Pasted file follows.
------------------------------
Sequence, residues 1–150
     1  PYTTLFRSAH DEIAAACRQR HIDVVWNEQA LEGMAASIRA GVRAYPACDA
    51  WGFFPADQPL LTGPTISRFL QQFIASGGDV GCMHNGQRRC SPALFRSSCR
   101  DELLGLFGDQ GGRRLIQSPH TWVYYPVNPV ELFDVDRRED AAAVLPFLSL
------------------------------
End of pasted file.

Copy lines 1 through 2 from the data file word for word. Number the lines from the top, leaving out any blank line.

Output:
Sequence, residues 1–150
     1  PYTTLFRSAH DEIAAACRQR HIDVVWNEQA LEGMAASIRA GVRAYPACDA